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I want to remove accents and more generally diacritic marks from a string to initiate an accent-insensitive search. Based on some reading on Unicode character classes, I've come up with this:

 QString unaccent(const QString s)
   QString s2 = s.normalized(QString::NormalizationForm_D);
   QString out;
   for (int i=0,j=s2.length(); i<j; i++)
     // strip diacritic marks
     if (!=QChar::Mark_NonSpacing &&!=QChar::Mark_SpacingCombining)
   return out;

It appears to work reasonably well for latin-based languages, but I'm wondering about its adequacy on other alphabets: arabic, cyrillic, CJK... which I cannot test due to lack of cultural understanding of these.

Specifically I wish I'd know:

  1. What Unicode normalization form is better suited for this problem: NormalizationForm_KD or NormalizationForm_D?
  2. Is it sufficient to remove the characters belonging to Mark_NonSpacing and Mark_SpacingCombining categories or should it include more categories?
  3. Are there other improvements to the above code that would make it work as best as possible for all languages?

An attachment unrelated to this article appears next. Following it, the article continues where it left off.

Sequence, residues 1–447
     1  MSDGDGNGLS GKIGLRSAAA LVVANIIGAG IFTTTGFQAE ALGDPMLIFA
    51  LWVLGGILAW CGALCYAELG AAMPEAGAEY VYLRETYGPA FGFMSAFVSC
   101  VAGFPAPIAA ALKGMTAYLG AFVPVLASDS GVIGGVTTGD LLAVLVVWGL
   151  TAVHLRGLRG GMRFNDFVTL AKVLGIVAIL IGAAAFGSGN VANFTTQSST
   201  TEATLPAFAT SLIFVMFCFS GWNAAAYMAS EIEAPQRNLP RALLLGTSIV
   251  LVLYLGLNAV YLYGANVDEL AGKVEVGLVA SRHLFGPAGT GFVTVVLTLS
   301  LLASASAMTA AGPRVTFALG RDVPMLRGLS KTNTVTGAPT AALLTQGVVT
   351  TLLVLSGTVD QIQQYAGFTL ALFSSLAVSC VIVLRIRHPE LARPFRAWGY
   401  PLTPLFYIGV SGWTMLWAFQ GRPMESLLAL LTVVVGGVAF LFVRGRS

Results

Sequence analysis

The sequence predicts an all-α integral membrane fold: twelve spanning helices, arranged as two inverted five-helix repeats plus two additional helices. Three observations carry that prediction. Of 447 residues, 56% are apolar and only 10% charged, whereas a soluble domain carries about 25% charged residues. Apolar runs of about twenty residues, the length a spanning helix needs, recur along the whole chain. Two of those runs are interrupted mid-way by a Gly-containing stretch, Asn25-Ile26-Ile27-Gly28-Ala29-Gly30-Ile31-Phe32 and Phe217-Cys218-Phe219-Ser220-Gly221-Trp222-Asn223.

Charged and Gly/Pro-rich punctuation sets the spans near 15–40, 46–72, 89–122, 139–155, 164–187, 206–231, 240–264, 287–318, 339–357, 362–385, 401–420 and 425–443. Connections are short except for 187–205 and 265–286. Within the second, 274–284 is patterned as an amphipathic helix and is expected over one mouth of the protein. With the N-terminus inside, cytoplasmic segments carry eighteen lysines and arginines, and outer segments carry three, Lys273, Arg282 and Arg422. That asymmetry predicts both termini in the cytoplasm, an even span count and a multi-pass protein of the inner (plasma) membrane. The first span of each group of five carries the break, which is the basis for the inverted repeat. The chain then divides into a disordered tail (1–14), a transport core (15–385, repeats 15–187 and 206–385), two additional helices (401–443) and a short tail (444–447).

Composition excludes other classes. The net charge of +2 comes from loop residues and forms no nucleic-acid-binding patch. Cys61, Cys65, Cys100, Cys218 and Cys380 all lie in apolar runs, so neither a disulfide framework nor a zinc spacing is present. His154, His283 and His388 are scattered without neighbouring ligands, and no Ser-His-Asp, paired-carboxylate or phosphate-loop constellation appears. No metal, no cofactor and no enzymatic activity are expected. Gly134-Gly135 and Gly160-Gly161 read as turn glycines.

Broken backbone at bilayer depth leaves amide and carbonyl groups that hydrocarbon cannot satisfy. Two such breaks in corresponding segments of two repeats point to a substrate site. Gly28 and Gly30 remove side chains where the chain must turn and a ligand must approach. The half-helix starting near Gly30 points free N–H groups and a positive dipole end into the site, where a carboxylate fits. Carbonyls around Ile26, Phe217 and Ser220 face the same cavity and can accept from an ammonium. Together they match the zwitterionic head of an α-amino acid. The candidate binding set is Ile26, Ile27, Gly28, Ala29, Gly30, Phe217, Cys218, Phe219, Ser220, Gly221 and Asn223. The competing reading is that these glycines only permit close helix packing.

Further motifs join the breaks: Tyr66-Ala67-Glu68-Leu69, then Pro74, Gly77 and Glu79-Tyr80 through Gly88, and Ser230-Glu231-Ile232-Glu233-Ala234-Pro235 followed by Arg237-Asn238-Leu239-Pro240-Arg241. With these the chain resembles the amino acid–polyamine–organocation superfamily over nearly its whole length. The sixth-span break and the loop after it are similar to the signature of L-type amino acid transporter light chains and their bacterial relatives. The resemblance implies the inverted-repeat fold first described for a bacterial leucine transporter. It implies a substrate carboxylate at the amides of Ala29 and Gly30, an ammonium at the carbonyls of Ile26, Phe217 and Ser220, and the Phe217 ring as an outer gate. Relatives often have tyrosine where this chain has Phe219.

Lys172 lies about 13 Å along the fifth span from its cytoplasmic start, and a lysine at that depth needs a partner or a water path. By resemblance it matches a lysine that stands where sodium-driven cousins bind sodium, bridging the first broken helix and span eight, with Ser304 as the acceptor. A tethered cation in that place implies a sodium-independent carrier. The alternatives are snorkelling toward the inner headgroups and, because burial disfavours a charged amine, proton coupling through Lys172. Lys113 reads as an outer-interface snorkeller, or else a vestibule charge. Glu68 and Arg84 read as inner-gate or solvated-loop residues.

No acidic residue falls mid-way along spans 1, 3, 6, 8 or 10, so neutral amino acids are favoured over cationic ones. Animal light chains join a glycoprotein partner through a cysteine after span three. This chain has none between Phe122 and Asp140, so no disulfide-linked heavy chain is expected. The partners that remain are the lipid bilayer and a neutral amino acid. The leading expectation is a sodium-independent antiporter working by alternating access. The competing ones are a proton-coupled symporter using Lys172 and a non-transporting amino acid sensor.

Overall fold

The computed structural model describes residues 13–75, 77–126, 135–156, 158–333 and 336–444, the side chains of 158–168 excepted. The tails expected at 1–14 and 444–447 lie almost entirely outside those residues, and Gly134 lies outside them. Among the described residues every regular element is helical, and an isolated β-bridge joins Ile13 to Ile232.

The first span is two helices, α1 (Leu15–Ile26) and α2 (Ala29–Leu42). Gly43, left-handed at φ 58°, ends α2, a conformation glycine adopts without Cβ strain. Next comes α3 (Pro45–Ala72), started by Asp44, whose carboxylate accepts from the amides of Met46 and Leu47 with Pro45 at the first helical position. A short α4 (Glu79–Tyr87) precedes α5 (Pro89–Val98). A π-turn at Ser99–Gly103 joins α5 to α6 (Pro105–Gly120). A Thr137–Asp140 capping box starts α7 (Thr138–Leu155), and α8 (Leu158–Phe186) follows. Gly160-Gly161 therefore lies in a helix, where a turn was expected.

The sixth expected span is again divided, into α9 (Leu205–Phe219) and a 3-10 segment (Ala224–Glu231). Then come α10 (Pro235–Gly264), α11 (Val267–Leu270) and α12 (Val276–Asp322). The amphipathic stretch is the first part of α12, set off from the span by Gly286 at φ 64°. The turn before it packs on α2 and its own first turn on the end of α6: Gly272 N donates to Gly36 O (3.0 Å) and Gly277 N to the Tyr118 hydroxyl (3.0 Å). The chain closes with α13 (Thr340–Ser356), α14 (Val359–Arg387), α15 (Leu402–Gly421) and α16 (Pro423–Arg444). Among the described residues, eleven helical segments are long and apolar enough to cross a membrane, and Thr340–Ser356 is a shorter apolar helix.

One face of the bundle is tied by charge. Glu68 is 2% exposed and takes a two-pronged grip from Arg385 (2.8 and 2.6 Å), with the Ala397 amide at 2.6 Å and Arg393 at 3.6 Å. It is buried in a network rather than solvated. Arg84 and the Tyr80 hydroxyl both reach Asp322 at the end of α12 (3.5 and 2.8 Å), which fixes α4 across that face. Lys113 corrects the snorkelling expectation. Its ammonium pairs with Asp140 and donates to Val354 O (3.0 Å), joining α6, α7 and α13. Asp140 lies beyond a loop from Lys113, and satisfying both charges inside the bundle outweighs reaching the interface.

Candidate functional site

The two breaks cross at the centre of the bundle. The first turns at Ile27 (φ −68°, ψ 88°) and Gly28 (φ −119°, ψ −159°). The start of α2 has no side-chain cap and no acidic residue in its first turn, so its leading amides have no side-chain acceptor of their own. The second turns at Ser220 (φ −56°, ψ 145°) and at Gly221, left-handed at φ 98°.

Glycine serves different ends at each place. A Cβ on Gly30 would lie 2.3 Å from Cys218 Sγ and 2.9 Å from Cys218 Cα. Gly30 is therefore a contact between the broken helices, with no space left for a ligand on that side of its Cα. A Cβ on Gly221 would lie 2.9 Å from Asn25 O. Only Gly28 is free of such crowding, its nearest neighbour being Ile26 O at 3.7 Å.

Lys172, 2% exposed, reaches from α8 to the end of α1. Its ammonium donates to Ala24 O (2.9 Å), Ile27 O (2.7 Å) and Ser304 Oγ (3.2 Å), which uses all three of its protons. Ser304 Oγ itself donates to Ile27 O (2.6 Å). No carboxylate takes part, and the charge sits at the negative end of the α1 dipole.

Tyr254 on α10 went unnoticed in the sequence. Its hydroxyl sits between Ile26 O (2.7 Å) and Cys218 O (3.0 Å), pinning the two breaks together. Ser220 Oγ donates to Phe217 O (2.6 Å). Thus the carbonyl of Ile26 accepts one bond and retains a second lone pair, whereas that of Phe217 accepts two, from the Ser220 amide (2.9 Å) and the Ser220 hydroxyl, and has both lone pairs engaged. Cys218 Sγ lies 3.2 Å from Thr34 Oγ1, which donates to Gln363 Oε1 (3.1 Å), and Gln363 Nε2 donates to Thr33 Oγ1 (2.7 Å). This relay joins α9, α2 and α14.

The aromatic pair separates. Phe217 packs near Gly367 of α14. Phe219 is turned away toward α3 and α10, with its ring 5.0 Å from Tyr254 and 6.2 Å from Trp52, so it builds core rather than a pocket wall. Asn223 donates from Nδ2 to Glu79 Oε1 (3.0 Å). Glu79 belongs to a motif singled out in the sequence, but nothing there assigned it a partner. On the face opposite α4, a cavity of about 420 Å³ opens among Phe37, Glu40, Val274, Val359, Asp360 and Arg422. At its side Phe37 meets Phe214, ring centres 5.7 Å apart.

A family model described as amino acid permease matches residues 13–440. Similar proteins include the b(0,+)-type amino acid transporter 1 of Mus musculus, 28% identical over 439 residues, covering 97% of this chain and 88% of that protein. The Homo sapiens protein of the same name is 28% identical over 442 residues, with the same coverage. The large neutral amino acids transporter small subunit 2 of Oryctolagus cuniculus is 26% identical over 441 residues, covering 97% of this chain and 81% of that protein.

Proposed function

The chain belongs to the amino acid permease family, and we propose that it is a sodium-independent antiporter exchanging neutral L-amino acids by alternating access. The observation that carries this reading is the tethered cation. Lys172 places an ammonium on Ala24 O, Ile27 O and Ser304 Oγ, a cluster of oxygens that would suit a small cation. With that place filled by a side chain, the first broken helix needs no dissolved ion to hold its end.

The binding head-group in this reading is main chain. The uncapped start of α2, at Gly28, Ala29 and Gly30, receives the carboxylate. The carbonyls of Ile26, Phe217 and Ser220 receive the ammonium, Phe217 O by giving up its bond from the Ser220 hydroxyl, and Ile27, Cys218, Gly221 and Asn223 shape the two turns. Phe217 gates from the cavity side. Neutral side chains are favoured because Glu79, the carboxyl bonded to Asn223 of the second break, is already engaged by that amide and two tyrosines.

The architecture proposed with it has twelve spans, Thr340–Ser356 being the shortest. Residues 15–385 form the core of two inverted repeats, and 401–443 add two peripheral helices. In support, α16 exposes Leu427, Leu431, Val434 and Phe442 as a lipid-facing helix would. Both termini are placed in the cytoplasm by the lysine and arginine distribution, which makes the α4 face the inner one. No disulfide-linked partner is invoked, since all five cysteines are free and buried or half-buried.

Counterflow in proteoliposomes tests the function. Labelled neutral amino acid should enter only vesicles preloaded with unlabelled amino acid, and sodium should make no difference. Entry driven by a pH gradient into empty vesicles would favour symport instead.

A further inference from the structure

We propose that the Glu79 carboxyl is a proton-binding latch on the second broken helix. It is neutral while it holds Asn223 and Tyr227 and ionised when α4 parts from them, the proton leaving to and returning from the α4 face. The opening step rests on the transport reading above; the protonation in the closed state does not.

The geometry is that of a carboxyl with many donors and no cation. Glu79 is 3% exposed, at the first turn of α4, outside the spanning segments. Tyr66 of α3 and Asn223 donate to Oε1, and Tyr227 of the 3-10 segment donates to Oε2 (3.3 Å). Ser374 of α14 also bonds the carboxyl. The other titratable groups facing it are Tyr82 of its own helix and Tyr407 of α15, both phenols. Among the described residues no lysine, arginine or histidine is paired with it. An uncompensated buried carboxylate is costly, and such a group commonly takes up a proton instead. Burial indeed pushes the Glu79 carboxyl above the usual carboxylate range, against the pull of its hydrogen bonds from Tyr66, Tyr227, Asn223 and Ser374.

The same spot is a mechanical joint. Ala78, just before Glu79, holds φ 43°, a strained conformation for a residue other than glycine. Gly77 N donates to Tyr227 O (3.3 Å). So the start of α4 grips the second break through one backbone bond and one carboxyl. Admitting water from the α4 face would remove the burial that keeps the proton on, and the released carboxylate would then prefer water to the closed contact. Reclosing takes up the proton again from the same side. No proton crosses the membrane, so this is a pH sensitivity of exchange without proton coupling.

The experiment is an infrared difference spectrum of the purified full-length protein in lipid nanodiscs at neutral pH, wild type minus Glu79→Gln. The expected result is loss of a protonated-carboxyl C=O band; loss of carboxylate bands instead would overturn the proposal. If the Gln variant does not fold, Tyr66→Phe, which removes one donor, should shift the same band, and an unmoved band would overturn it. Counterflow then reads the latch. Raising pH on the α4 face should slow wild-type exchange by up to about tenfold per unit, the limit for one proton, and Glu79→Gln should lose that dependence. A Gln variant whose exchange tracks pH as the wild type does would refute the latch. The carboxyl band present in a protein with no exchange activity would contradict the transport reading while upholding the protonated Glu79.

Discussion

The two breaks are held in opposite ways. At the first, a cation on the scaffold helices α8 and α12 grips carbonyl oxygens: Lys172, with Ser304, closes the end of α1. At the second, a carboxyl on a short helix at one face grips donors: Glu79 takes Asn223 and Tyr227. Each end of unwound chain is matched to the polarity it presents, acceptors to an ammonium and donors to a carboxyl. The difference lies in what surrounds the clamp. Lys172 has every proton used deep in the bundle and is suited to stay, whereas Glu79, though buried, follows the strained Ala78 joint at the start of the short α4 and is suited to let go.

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marked as duplicate by Frank van Puffelen, SW4, gsamaras, Sajeetharan, Doug R Dec 31 '14 at 18:17

This question has been asked before and already has an answer. If those answers do not fully address your question, please ask a new question.

You way also want QChar::Mark_Enclosing –  Dave Mateer Sep 5 '12 at 12:56
The question of NFD vs NFKD is something you need to decide based on what you are trying to do. See "Figure 6" of [Unicode Normalization Forms][1] to decide if you want to decompose a character to that extent. I suspect you want NFD. –  Dave Mateer Sep 5 '12 at 12:56
@Dave: I assume [1] was: –  Daniel Vérité Sep 5 '12 at 14:45

1 Answer 1

QString unaccent(const QString s)
    QString output(s.normalized(QString::NormalizationForm_D));
    return output.replace(QRegExp("[^a-zA-Z\\s]"), "");
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This code strips too much. Digits, punctuation marks and non-accented characters outside the latin alphabet must be kept, whereas this code removes them. Anything except diacritic marks must be kept. –  Daniel Vérité Oct 9 '12 at 21:12

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